The Washington Post on Tuesday reported that last year, President Trump asked Deputy FBI Director Andrew McCabe whom he voted for in the 2016 election. McCabe was then the bureau's acting chief, and the alleged conversation is reportedly of interest to Special Counsel Robert Mueller.
But if you ask Sarah Huckabee Sanders, the White House press secretary, it's really not a big deal — and hey, who knows if it really happened anyway. During Wednesday's briefing, ABC News' Cecilia Vega asked Sanders if Trump "[made] a habit" of asking federal employees whom they voted for. When Sanders replied that Trump and McCabe "have had limited and pretty non-substantive conversations," Vega fired back: "But that's kind of a yes or no question. He did or didn't ask." Sanders shrugged and replied, "I wasn't in the room, I don't know what was discussed."
Reporter: Does Pres. Trump ask career government officials their voting habits? @PressSec: "Not that I'm aware of."
Reporter: Did he ask McCabe how he voted?@PressSec: Trump and McCabe "have had limited and pretty non-substantive conversations." https://t.co/u7r11RRt0P pic.twitter.com/YFls9rj6J6
— CBS News (@CBSNews) January 24, 2018
Later in the briefing, another reporter called the reported conversation between Trump and McCabe "the leading story of the day." Sanders disagreed: "I very seriously doubt that any person in America would list that as an issue they care about."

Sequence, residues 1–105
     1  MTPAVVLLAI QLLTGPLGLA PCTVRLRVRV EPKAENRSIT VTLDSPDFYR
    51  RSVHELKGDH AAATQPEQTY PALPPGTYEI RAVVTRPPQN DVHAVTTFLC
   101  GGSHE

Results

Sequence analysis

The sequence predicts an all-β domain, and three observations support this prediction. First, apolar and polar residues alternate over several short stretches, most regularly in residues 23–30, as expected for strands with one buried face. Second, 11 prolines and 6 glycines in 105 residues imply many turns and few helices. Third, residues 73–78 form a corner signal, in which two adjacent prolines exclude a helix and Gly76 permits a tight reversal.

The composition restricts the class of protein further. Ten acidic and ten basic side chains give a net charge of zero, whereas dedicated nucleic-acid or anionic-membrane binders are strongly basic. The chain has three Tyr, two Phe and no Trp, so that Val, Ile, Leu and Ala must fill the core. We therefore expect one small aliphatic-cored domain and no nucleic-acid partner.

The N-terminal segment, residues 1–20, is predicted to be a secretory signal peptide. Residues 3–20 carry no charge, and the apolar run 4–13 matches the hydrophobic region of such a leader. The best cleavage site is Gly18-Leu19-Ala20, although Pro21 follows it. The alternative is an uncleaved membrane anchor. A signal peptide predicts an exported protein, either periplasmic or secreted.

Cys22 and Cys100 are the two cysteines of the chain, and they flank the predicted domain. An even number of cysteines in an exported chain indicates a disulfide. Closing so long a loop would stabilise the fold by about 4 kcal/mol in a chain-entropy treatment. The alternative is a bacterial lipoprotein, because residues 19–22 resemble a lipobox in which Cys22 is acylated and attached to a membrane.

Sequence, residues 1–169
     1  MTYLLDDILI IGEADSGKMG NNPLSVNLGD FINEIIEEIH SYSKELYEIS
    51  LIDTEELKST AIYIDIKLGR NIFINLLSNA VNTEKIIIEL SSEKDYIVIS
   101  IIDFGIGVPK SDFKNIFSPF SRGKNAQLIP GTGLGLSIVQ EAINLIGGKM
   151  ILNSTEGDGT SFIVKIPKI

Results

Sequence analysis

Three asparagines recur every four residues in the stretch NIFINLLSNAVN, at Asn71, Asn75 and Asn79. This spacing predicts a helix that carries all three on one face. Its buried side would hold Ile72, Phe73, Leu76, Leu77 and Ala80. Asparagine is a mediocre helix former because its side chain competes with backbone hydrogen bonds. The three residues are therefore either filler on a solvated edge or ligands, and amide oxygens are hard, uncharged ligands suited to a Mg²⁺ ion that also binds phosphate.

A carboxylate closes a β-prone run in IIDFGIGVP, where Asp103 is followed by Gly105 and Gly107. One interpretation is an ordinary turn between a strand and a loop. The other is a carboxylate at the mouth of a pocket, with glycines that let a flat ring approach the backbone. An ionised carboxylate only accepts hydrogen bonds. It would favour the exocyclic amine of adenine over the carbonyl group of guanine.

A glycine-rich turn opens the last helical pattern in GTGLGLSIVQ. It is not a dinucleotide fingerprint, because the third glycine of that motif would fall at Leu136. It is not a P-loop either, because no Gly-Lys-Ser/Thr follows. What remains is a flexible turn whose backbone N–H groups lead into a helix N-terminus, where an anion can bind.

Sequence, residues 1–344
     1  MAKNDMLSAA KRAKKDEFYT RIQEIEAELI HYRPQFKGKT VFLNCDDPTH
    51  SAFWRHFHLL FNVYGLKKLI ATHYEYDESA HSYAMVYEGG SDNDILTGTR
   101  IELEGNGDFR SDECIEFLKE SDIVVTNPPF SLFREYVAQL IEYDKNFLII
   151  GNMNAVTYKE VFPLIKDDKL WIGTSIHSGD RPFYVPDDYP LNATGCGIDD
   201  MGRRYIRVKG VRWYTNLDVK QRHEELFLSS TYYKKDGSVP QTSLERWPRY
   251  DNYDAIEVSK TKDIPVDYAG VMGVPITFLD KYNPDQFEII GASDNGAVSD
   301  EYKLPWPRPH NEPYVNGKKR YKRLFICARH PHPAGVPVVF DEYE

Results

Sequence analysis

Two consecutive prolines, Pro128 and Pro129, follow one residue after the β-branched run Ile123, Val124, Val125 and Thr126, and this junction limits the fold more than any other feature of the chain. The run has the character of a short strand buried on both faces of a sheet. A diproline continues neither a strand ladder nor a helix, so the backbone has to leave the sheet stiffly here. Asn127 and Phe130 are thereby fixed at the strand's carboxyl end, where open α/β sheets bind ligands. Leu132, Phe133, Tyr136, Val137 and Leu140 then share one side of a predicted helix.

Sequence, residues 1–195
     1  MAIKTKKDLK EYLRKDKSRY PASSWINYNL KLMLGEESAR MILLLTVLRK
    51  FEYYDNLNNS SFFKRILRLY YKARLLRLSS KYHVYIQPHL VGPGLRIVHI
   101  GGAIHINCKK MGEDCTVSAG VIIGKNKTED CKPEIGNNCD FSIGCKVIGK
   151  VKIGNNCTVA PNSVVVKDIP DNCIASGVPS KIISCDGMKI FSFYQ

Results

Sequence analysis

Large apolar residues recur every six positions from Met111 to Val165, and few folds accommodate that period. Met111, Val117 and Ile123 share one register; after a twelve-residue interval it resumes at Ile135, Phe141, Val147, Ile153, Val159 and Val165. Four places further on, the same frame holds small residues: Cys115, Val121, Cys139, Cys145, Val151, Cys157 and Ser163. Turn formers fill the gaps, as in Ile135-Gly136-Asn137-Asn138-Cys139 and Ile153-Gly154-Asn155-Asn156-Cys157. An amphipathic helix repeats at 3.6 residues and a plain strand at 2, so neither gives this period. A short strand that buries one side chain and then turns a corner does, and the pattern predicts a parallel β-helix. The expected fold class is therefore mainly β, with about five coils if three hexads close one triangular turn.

"All of the polling any person in here would take -- I very seriously doubt that any person in America would list that as an issue they care about," @PressSec says on President Trump reportedly asking Andrew McCabe who he voted for in 2016 election https://t.co/u7r11RRt0P pic.twitter.com/o8F4LgHQvU
— CBS News (@CBSNews) January 24, 2018
The conversation between McCabe and the president reportedly occurred last May, shortly after Trump fired FBI Director James Comey, and The Washington Post reported that Mueller is interested in its contents. McCabe thought the question about his political leanings was "disturbing," the Post reported. Kelly O'Meara Morales
On Tuesday, American Conservative Union chairman Matt Schlapp appeared on CNN's New Day and tried very hard to avoid talking about President Trump's alleged affair with an adult film star.
CNN's Alisyn Camerota began by asking Schlapp about a recent report that alleges that President Trump's campaign tried to cover up the tryst, which allegedly took place in 2006 when he was married to wife Melania, with campaign money. Schlapp responded: "I don't really have many thoughts on this, Alisyn. I don't even know what we know."